Due to the fairly disappointed reviews I’ve been seeing for this book, I went in with pretty low expectations. Which probably made me like it better than I would’ve otherwise, because by the end I was thinking that it was actually decent. I mean, it’s not my favorite Sarah Dessen book or anything, but neither is it my least favorite. I think if this book were by some author I wasn't familiar with, I would have been fairly impressed, but since I've seen Dessen do better, I wasn't as wowed as I might have been otherwise.
Enter Theo, a super-ambitious outsider, a New Yorker assisting on a documentary film about a reclusive local artist. Theo's sophisticated, exciting, and, best of all, he thinks Emaline is much too smart for Colby.
Emaline's mostly-absentee father, too, thinks Emaline should have a bigger life, and he's convinced that an Ivy League education is the only route to realizing her potential. Emaline is attracted to the bright future that Theo and her father promise. But she also clings to the deep roots of her loving mother, stepfather, and sisters. Can she ignore the pull of the happily familiar world of Colby?
Emaline wants the moon and more, but how can she balance where she comes from with where she's going?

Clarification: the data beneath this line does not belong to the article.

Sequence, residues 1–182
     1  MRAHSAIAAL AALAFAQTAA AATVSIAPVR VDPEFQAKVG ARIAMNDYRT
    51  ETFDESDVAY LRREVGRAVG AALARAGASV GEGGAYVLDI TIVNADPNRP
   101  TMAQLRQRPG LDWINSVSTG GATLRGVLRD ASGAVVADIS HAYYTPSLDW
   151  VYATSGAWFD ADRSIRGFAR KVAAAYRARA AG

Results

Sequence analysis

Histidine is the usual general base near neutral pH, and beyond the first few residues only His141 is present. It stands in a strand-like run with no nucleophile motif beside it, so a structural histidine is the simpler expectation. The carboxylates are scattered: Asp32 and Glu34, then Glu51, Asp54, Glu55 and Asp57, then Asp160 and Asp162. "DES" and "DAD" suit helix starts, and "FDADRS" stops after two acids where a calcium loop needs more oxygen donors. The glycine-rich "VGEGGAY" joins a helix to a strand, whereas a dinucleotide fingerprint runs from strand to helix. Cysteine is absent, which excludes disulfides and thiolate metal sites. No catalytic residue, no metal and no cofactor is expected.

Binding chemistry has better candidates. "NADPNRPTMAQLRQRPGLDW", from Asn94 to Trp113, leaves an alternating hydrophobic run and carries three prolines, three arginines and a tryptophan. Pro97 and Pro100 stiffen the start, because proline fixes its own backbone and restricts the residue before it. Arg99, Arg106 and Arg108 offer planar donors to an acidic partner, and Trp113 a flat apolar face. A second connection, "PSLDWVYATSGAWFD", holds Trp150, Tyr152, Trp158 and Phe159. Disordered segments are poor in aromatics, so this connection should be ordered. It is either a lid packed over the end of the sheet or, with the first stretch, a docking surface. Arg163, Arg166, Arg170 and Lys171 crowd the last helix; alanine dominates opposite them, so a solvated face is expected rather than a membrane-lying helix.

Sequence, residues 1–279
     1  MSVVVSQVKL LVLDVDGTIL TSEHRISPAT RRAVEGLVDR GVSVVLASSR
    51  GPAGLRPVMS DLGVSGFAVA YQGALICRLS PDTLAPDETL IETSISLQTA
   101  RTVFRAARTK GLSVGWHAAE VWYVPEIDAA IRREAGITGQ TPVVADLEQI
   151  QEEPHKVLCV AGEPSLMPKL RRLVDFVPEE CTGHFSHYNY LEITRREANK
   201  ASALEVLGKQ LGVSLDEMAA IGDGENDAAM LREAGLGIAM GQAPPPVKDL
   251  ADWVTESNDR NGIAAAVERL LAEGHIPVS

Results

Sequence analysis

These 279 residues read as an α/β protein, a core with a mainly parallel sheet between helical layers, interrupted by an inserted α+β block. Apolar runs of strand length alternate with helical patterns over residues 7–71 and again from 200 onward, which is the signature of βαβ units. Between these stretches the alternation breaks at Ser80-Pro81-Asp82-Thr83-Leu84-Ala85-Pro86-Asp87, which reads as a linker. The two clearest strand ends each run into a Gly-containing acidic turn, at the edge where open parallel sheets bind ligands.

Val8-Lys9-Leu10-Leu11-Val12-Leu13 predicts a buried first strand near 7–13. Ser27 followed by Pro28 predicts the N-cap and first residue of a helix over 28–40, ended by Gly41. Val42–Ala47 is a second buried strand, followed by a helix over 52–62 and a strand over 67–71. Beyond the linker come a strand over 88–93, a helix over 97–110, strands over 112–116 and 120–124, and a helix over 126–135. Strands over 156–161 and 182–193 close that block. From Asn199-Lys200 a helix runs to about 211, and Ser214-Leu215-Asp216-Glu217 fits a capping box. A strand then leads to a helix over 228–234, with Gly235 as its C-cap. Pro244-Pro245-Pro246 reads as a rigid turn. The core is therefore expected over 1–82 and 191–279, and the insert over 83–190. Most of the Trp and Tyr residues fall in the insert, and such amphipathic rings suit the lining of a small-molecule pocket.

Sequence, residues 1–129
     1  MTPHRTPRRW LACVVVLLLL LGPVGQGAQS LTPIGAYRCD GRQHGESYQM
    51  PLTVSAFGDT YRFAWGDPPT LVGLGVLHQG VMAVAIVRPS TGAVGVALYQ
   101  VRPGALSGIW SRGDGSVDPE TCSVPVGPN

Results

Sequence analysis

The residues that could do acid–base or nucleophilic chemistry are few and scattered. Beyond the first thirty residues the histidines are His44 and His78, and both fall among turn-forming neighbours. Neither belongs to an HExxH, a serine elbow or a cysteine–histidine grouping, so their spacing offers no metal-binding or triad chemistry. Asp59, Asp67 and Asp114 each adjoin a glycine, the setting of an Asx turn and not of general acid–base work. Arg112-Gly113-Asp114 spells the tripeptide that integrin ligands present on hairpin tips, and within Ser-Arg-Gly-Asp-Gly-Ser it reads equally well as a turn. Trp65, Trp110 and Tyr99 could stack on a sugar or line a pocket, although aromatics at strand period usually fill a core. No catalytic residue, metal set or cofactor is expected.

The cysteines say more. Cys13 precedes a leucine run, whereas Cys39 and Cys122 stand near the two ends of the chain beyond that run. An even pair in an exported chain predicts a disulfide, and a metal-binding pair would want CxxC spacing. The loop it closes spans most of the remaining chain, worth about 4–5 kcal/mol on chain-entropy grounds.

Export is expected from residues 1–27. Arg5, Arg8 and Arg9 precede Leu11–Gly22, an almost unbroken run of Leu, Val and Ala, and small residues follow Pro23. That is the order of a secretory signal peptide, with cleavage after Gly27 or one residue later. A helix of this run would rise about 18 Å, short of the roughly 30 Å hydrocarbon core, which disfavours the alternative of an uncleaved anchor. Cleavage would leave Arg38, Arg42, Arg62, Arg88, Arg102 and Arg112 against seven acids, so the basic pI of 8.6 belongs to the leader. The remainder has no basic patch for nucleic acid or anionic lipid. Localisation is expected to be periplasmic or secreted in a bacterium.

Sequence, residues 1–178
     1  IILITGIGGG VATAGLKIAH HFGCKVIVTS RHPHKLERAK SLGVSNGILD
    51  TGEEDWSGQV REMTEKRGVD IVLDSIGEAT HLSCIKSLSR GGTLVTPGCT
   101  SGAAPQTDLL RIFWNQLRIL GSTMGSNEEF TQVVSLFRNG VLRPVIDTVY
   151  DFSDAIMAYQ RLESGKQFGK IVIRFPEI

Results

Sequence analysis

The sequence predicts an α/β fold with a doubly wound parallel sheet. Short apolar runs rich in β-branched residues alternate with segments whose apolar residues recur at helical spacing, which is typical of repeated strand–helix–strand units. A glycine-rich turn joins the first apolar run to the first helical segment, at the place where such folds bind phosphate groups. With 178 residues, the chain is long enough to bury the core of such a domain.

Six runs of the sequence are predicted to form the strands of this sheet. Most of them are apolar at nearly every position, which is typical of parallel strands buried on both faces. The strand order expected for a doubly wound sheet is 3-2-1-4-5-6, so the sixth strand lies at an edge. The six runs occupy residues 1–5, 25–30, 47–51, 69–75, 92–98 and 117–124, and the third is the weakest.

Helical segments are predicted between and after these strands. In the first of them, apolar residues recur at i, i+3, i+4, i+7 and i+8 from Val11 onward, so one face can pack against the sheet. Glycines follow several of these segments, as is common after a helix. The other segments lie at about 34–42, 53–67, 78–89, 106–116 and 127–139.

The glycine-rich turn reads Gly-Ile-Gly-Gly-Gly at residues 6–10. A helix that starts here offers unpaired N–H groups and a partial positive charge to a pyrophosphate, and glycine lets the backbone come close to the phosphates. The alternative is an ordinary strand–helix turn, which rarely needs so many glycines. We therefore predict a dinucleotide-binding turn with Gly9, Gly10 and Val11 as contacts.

Basically from the moment I started reading this book, I fell right back in with Dessen’s writing style. That aspect of her books always just does it for me, you know? No matter what I think of the story, her writing always makes me feel at home.
Character-wise, this book was a bit of a mixed bag for me. Emaline, the main character, didn’t especially stand out, but it’s not like she annoyed me either. Theo, I didn’t like all that much, but since I don’t think you’re supposed to like him, I was fine with my dislike. Luke, I did like. Obviously, what he does to Emaline towards the beginning is totally jerky and wrong, but that aside, he seemed to be a good guy generally. I also really liked Emaline’s family. Dessen always shines in her portrayal of family relationships, and this book was no exception—from her mom to her stepdad to her sisters and half-brother, I was pretty happy whenever any of them were in a scene.
I think what made this book not stand out as much for me as most of Dessen’s other books—aside from the lack of a happy fall-in-love storyline—was that it didn’t feel as focused. I feel like in Dessen’s other books, by the end, the main character has learned or overcome something specific. But that wasn’t really the case here—yes, a lot of things happen in Emaline’s life over the course of the summer, but I don’t feel like she herself really changed at all. There wasn’t really a clear, driving issue to keep the plot centered.
Overall, if you haven’t read any Sarah Dessen books yet, I wouldn’t recommend making this your first. And if you are already a Dessen fan, expect a decent book but not one of Dessen’s best.
Rating: 3.5 / 5